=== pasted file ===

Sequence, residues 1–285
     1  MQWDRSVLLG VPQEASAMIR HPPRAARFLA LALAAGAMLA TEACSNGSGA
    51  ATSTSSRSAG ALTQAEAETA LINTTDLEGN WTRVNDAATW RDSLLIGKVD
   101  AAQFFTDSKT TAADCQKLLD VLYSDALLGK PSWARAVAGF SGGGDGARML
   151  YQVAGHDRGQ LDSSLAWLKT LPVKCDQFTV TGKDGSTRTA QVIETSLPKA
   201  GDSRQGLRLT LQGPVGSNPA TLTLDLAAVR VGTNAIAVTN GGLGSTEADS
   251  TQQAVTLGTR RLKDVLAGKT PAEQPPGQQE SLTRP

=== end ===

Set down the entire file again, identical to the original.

Sequence, residues 1–285
     1  MQWDRSVLLG VPQEASAMIR HPPRAARFLA LALAAGAMLA TEACSNGSGA
    51  ATSTSSRSAG ALTQAEAETA LINTTDLEGN WTRVNDAATW RDSLLIGKVD
   101  AAQFFTDSKT TAADCQKLLD VLYSDALLGK PSWARAVAGF SGGGDGARML
   151  YQVAGHDRGQ LDSSLAWLKT LPVKCDQFTV TGKDGSTRTA QVIETSLPKA
   201  GDSRQGLRLT LQGPVGSNPA TLTLDLAAVR VGTNAIAVTN GGLGSTEADS
   251  TQQAVTLGTR RLKDVLAGKT PAEQPPGQQE SLTRP